Donald Trump's Science Fiction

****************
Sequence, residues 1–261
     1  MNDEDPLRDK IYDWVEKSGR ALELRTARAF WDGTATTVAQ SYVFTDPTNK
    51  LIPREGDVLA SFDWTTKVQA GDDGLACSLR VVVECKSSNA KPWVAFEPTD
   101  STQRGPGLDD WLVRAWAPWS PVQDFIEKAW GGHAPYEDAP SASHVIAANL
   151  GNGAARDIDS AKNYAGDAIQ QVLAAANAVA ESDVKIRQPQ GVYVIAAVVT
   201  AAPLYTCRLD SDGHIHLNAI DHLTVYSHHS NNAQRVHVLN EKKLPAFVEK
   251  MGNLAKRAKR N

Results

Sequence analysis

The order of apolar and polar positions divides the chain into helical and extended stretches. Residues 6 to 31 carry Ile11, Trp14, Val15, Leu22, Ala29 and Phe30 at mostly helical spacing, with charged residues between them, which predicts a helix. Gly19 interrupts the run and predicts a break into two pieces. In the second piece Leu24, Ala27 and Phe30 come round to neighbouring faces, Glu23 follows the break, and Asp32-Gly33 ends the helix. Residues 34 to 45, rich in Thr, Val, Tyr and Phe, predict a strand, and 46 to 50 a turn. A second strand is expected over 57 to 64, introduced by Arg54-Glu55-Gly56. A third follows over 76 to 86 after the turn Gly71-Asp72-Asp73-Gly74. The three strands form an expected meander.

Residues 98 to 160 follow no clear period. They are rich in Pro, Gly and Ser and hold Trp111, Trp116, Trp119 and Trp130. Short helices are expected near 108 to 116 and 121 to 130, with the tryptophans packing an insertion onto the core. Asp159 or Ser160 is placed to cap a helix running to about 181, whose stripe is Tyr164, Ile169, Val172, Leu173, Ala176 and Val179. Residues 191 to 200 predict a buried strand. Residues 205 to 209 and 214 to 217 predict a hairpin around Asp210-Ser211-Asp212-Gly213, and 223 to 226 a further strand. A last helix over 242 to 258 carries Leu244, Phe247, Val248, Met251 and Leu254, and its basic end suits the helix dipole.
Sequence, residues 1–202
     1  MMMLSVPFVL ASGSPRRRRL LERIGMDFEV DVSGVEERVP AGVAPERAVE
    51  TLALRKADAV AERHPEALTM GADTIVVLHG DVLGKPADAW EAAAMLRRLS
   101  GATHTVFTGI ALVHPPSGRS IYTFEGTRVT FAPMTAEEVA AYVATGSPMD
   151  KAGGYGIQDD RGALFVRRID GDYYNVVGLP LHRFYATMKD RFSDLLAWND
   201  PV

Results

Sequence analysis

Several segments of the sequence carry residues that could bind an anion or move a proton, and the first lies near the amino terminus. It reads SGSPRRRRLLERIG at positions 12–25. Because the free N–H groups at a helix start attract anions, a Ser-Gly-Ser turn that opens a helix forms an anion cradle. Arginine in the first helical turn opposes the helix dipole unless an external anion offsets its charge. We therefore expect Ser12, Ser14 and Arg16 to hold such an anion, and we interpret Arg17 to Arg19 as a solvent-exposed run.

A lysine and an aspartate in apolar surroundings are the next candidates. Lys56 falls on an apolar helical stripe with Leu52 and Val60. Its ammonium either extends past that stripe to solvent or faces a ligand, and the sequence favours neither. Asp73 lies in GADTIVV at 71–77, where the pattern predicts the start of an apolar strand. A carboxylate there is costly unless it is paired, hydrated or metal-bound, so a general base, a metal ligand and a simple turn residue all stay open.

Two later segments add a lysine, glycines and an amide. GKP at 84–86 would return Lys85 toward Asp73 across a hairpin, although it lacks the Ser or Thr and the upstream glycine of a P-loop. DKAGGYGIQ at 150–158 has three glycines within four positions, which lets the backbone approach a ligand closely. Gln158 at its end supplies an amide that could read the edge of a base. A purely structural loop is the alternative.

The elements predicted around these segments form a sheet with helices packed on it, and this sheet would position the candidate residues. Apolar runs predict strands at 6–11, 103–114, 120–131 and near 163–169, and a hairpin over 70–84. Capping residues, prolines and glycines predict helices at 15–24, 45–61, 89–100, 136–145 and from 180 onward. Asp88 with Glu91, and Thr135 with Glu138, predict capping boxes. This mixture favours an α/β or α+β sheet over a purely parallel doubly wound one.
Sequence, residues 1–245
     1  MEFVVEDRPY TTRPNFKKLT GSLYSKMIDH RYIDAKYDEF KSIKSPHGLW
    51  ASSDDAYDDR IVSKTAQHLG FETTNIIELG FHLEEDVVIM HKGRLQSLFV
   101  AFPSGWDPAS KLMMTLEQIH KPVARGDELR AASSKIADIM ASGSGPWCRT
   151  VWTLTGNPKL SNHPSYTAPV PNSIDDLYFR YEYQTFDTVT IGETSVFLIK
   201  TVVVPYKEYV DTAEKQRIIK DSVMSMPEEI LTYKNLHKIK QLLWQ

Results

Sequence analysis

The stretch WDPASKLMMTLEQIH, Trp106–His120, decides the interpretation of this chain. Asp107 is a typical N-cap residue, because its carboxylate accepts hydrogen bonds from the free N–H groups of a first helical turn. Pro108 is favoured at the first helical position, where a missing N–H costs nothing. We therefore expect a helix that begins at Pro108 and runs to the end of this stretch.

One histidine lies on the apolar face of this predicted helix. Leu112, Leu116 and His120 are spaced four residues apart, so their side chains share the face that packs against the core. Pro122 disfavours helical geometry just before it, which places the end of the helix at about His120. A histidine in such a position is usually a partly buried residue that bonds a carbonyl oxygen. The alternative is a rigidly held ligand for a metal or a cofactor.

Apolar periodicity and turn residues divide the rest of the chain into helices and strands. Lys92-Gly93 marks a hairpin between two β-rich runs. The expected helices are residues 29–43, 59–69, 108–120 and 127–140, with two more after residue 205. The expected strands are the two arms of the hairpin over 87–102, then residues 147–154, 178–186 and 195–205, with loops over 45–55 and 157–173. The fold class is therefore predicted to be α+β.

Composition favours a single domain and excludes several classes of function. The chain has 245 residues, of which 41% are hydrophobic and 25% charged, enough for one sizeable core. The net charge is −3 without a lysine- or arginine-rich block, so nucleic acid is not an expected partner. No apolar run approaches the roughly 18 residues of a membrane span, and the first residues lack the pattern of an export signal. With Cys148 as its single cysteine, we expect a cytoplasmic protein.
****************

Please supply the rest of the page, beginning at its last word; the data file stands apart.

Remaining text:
President-elect Donald Trump has been twisting the facts in ways beyond what even George Orwell envisioned in his dystopian novel 1984. When PolitiFact, the Pulitzer Prize-winning truth squad sponsored by the Tampa Bay Times, analyzed more than 300 assertions by Trump since he announced his presidential bid, it found that roughly 70 percent were mostly or completely false while another 15 percent were half-truths. Only 15 percent of his comments were deemed mostly or completely true. Little wonder CNN political commentator and Trump apologist Scottie Nell Hughes recently declared on NPR's Diane Rehm Show that if enough people believe a lie, it's true -- at least for them. "There's no such thing ... anymore as facts," she said. As someone who works for a science advocacy organization, I take issue with Hughes' contention we're living in a post-fact world, especially when it comes to science and its implications. Trump has espoused a number of scientifically unfounded positions with serious consequences for public health and the environment, including the thoroughly debunked claim that childhood vaccines cause autism. But let's start by examining some of his most flagrant lies about climate change, fossil fuels and renewable energy, as well as his policy prescriptions based on those lies. Trump's Mind Opens and Shuts on Climate Change By now, everyone who's been paying attention knows that Trump once tweeted that climate change a "hoax" created by the Chinese. When asked about it on Fox & Friends in January, however, Trump insisted he was joking, and he told The New York Times in his first on-the-record media interview after the election that he has "an open mind to it" and thinks "there is some connectivity" between human activity and climate change. Trump's "open mind" comment was widely reported. What wasn't widely reported is he also told the Times there is widespread disagreement among scientists about whether climate change is actually occurring. There isn't. "It's one issue that's interesting because there are few things where there's more division than climate change," Trump said. "...You know, you can make lots of cases for different views... It's a very complex subject. I'm not sure anybody is ever going to really know." Just yesterday, during an appearance on Fox News Sunday, Trump repeated his assertion that "nobody really knows" if climate change is real. "I'm still open-minded," he told host Chris Wallace. "Nobody really knows. Look, I'm somebody that gets it, and nobody really knows." But Trump doesn't get it. Climate scientists have known about global warming for decades, and the overwhelming majority of them agree that human activity -- primarily the burning of fossil fuels -- is driving up world temperatures. Trump's 'Clean Coal' Fantasy During the second "town hall" presidential debate in early October, an audience member asked Trump and Hillary Clinton how they would meet the country's energy needs while "remaining environmentally friendly and minimizing job loss for fossil power plant workers." It was the closest the two came to fielding a question during the debates related to climate change. Trump's answer was a pure fabrication. After taking a swipe at the Obama administration for putting energy "under siege," he declared: "We need much more than wind and solar... There is a thing called clean coal. Coal will last for a thousand years in this country." In fact, "clean coal" technology, which is supposed to capture and store carbon dioxide emissions from coal-fired power plants, doesn't currently exist. It has never been demonstrated to work economically on a commercial scale, and no operating U.S. coal power plants use it. And a number of high-profile "clean coal" pilot projects, dogged by cost overruns and scheduling delays, have failed. The claim that the United States has a thousand-year supply of coal is also a Trumparian exaggeration. According to a 2007 National Research Council report, there is likely enough coal at current production levels to last somewhere between 100 and 250 years. During his presidential campaign, Trump repeatedly vowed to revive the coal industry. "Let me tell you," he proclaimed last March, "the miners in West Virginia and Pennsylvania, which was so great to me last week and Ohio and all over, they're going to start to work again, believe me." Market realities, however, stand in the way of that ever happening. The demand for coal is bound to continue to wane due to the proliferation of cheap natural gas, increased competition from renewables, and energy efficiency programs. As recently as 2008, coal generated about 50 percent of U.S. electricity. Now its share is just 30 percent. Employment in the coal industry, meanwhile, has dropped steadily since it peaked at more than 250,000 in 1980, largely due to automation. It now hovers around 50,000. You could fit them all into Yankee Stadium. Contradicting the claim he has an "open mind" about climate change, Trump has promised to withdraw the Clean Power Plan, the new federal power plant carbon emissions rule. Doing so might stop some coal job losses, but electric utilities have already begun switching to natural gas and renewables. Last year they shuttered 94 coal-fired power plants and this year at least 40 more will likely be closed by the end of this month. At the same time Trump has promised to bring back coal jobs, he also has pledged to promote natural gas. More than a few energy experts have pointed out that those are incompatible objectives. Resuscitating the coal industry also conflicts with Trump's professed goal of protecting the environment. "Clean air is vitally important," he told the Times staff a few weeks ago. "Clean water, crystal clean water is vitally important." If Trump really believes that, why would he want to revive coal? Besides the fact that coal-fired power plants account for roughly a quarter of total U.S. carbon emissions, they also are a leading industrial source of such "traditional" toxic pollutants as mercury, sulfur dioxide and nitrogen oxide, which have been linked to a host of diseases, as well as premature death. All told, coal's estimated "life-cycle" cost in the United States -- including its impact on miners, public health, the environment and the climate -- is $345 billion annually, according to a 2011 Harvard Medical School study. Trump Blows Hot Air About Wind Trump lost his battle against a wind farm off the coast of his Scottish golf course, but he's continuing his crusade here at home. During his marathon interview with the Times, Trump said "the wind is a very deceiving thing" and then proceeded to make a number of deceptive statements of his own. "First of all," Trump said, "we don't make the windmills in the United States. They're made in Germany and Japan." Wrong. Currently more than 21,000 American workers are making turbines and parts at more than 500 factories across the country, according to the American Wind Energy Association. Another 67,000 work in the industry installing and maintaining wind farms. Although two European firms, Vestas Wind Systems and Siemens, employ thousands of workers in a half-dozen states, the nation's top turbine manufacturer is an American company -- good old General Electric. The U.S. solar industry, meanwhile, boasts more than 200,000 workers, according to the Solar Foundation. All told, the wind and solar industries now provide more than 288,000 jobs, nearly six times more than the coal industry. Trump's next complaint? "The windmills," he claimed, "are devastating to the bird population, O.K." No, not O.K. In fact, birds have much bigger problems than wind turbines. Besides habitat degradation and destruction, the top human-built environmental threat to our feathered friends are buildings. As many as 970 million birds crash into them annually, according to a June 2013 study in the Wilson Journal of Ornithology. Other studies, according to the U.S. Fish and Wildlife Service (FWS), estimate that every year as many as 175 million birds die by flying into power lines, which electrocute tens of thousands to hundreds of thousands more; 72 million are poisoned by misapplied pesticides; some 6.8 million perish by hitting cell and radio towers; and as many as 1 million birds die in oil and gas industry fluid waste pits. Conversely, a September 2014 study in the journal Plos One estimates that wind turbines kill from 214,000 to 368,000 birds annually. In other words, real estate is the main culprit, and the oil and gas industry kills three to five times more birds than wind turbines. Trump's contrived case against wind power has prompted him to call for ending its federal subsidies. "I've been saying the same thing for years about you know, the wind industry," he told the Times. "I wouldn't want to subsidize it." Yes, the wind industry gets a federal subsidy. Called the production tax credit (PTC), it has been instrumental in leveling the playing field between wind and fossil fuels and invaluable for financing new projects, helping make wind one of the fastest growing electricity sources in the country. Since the mid-1990s, Congress has typically granted the wind industry the PTC on a short-term basis and then wavered over renewing it. Last year, the government gave the industry $2.2 billion in tax breaks, but the PTC will begin to decline next year and phase out in 2020. By contrast, the oil and gas industry has been feeding at the federal trough for nearly a century. On average, the industry has received $4.86 billion in permanent tax breaks and subsidies in today's dollars every year since 1918, according to a 2011 study by DBL Investors, a venture capital firm. Wind and other renewable energy technologies, meanwhile, averaged only $370 million a year in subsidies between 1994 and 2009. The 2009 stimulus package did provide $21 billion for renewables, but that support barely began to balance the scales that have tilted toward nuclear power for more than 50 years, oil and gas for 98 years, and coal for more than two centuries. How Much Damage Can Trump Do? Not only will it be next to impossible for Trump to magically bring back coal jobs, there are also trends in both the private and public sector that he and his entourage will have a difficult time stopping. Just after the election, more than 350 U.S companies and investment firms, including DuPont, Intel, Mars, Nike and Starbucks, sent a letter urging Trump, President Obama and Congress to honor the Paris climate agreement, which has been endorsed by 194 countries. "Failure to build a low-carbon economy puts American prosperity at risk," the companies said in a joint letter. "But the right action now will create jobs and boost U.S. competitiveness." More recently, executives from the oil, electric utility, transportation, technology and retail industries told The Wall Street Journal that their companies are still committed to cutting carbon emissions, regardless of the election results. They cited a number of reasons, including the availability of cheaper natural gas and wind power, as well as pressure from investors, activists and state regulators. "Part of our plan to invest in renewables is to diversify our generation portfolio," an American Electric Power Co. spokesperson explained. "All of those investments don't change with a change in administration. It's a long-term strategy." State governments are also stepping up efforts to address climate change. The Massachusetts Legislature, for example, passed an energy bill in July ensuring that nearly 40 percent of the state's electricity will come from renewables by 2030. Not to be outdone, a day later the New York Public Service Commission approved Gov. Andrew Cuomo's plan to obtain 50 percent of the state's electricity from renewables by 2030. And in August, the California Legislature passed a bill requiring the state to reduce its carbon emissions to 40 percent below 1990 levels by 2030. As Trump would say, this is a big league deal. Nearly 20 percent of the U.S. population -- 65 million people -- live in those three states, and their combined gross domestic product of $4.25 trillion last year would rank them fourth among the world's nations, just after Japan. No doubt their ambitious climate goals will spur major investments in renewable energy and other clean technologies, create new job opportunities, and dramatically cut carbon emissions. At the federal level, meanwhile, the process the Environmental Protection Agency follows to establish new regulations or kill existing ones will make it difficult to dismantle the Obama administration's climate legacy. And if any Trumparians try to make an end run around standard procedures, science, environmental and public health groups most certainly will take them to court. The scientific community has already announced it is watching closely. At the end of November, more than 2,300 scientists -- including 22 Nobel Prize winners -- signed an open letter calling on the incoming Trump administration and Congress to respect "scientific integrity and independence." The letter, organized by the Union of Concerned Scientists, ended with an explicit warning. "We will continue to champion efforts that strengthen the role of science in policymaking," it concluded, "and stand ready to hold accountable any who might seek to undermine it." Elliott Negin is a senior writer at the Union of Concerned Scientists. -- This feed and its contents are the property of The Huffington Post, and use is subject to our terms. It may be used for personal consumption, but may not be distributed on a website.